Yoga is one of the six 'darśana'
- viewpoints of traditional Indian philosophy and has been practised in one shape or form for thousands of years. The word yoga is often translated as 'union' and usually refers to a path or method of self-realisation in which the practitioner seeks to experience a state of 'mokśa'
- emancipation from the inherent 'duḥkham'
- difficulty, of worldly life and its cycle of 'saṃsāra'
: life, death and rebirth.
Manifold approaches to liberation include the yoga of: Jñāna
- knowledge, Bhakti
- Devotion, Karma
- work, Aṣṭâñga
- eight limbs and Haṭha
An important text on yoga is widely regarded as the Yoga Sūtra composed around 2000 years ago. The author, Patañjali,
codified and collated earlier teachings of yoga thereby offering a systematic method
to calm the mind and abide in our essential nature.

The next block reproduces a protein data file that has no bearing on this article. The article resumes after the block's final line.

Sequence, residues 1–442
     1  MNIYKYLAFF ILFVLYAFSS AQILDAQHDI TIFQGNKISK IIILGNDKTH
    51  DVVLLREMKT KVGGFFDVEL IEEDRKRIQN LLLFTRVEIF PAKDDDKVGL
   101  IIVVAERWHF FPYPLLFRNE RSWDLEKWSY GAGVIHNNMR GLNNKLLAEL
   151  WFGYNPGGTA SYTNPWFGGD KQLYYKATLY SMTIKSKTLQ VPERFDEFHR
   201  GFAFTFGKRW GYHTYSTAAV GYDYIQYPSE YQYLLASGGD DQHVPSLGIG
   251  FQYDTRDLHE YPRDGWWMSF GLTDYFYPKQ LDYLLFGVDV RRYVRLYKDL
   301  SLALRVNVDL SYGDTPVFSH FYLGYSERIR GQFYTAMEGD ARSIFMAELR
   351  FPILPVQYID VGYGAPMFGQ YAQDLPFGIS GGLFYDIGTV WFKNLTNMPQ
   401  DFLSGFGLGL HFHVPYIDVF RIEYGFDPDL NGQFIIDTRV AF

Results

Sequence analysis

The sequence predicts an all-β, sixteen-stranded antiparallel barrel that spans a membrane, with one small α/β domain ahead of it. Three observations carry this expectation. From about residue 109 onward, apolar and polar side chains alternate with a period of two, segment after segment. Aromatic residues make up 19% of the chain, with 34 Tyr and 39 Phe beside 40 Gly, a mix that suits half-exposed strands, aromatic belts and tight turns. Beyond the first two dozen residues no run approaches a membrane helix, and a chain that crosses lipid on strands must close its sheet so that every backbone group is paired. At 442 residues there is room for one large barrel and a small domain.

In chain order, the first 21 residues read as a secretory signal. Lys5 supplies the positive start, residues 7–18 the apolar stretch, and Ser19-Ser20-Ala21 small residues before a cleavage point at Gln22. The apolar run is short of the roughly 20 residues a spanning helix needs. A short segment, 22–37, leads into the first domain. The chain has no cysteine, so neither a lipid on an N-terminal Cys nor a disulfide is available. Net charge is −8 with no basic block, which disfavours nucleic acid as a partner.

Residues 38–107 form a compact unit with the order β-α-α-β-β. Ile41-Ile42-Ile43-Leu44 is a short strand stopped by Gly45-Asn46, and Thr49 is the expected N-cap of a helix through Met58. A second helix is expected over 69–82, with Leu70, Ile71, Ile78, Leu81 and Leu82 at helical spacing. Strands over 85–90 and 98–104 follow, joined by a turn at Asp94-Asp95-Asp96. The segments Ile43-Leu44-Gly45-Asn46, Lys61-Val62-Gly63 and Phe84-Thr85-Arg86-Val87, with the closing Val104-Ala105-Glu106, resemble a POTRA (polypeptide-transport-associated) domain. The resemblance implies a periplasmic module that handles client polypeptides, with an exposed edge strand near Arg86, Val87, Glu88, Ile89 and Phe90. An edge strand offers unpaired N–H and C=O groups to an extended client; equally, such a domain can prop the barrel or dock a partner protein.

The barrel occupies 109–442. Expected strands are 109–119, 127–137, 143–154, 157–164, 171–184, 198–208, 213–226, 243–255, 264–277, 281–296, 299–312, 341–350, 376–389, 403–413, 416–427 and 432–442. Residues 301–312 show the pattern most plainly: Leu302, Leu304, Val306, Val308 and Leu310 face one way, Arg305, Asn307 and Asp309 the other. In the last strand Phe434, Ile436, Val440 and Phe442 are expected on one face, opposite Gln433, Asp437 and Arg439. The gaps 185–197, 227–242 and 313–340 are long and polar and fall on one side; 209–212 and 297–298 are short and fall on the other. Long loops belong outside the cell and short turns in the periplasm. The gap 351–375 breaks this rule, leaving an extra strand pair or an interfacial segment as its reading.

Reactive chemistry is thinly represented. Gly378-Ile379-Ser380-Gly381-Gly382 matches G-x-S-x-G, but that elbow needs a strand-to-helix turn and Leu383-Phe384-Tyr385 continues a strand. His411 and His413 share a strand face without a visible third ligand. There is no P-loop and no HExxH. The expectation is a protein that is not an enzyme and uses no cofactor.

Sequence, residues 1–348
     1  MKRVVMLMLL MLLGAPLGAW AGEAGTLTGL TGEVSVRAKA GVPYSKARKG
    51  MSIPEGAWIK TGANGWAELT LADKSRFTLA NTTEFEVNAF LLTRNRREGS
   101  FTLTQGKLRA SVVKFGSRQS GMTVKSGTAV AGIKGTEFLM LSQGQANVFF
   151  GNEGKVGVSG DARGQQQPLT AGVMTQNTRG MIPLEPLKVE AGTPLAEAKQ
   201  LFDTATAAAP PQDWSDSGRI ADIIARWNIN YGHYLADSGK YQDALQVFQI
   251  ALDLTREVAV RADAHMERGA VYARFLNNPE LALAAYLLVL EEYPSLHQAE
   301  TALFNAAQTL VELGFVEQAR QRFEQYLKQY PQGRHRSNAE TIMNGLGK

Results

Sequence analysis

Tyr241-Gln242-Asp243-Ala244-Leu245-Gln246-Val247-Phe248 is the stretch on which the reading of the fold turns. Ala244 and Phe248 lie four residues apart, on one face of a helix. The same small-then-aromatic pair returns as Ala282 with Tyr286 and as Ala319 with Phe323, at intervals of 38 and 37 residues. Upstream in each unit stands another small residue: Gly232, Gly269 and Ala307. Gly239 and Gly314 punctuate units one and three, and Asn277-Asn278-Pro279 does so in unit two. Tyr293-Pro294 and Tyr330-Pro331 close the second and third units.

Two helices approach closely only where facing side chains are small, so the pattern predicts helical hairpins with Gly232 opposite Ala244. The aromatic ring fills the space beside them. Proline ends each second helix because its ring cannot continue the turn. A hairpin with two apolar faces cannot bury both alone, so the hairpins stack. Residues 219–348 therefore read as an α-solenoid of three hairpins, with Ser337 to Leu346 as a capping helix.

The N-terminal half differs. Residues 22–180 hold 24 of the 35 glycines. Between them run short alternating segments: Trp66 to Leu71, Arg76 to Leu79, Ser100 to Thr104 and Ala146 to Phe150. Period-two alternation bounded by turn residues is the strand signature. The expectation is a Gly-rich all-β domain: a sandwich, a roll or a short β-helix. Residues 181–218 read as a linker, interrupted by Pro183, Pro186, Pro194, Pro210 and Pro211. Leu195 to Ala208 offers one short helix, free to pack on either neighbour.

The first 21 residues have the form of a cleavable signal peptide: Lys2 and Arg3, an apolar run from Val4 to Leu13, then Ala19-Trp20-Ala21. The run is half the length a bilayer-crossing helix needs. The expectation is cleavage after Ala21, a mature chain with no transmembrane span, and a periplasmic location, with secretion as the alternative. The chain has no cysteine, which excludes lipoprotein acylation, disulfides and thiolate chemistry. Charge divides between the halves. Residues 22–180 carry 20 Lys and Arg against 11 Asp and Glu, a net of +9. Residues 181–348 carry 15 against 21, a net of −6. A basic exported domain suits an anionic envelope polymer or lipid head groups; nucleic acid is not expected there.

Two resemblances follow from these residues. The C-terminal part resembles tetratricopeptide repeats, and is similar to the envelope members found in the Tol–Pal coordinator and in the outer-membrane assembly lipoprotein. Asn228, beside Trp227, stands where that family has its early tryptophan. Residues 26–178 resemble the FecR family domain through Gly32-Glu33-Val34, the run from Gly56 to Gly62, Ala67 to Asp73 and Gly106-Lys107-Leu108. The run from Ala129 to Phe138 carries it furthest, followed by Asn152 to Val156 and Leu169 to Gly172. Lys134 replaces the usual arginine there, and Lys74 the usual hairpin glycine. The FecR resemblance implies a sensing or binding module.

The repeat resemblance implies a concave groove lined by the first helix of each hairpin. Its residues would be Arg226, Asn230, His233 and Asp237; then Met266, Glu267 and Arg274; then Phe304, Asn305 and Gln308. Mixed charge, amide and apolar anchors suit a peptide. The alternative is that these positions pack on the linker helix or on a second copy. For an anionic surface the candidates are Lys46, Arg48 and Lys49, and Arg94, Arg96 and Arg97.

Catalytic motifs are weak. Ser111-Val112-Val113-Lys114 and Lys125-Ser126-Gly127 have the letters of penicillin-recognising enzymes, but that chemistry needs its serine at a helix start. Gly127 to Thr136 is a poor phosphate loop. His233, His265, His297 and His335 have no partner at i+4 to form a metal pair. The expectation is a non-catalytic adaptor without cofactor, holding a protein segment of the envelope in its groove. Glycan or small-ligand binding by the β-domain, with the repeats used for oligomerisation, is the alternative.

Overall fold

In the 9th - 11th century a path of yoga emerged which focused on physical practices such as cleansing techniques, postures and breathing exercises, visualisation and concentration. This yoga became known as 'Haṭha Yoga
' and forms the basis for much of the modern styles of yoga that are popular today.
The subject of yoga is vast and represents the fruit of centuries of reflection & experimentation by mystics, yogis and seekers. From the earliest times human beings have asked fundamental questions about the nature of reality and identity. Yoga is a response, method and doorway to such self-enquiry.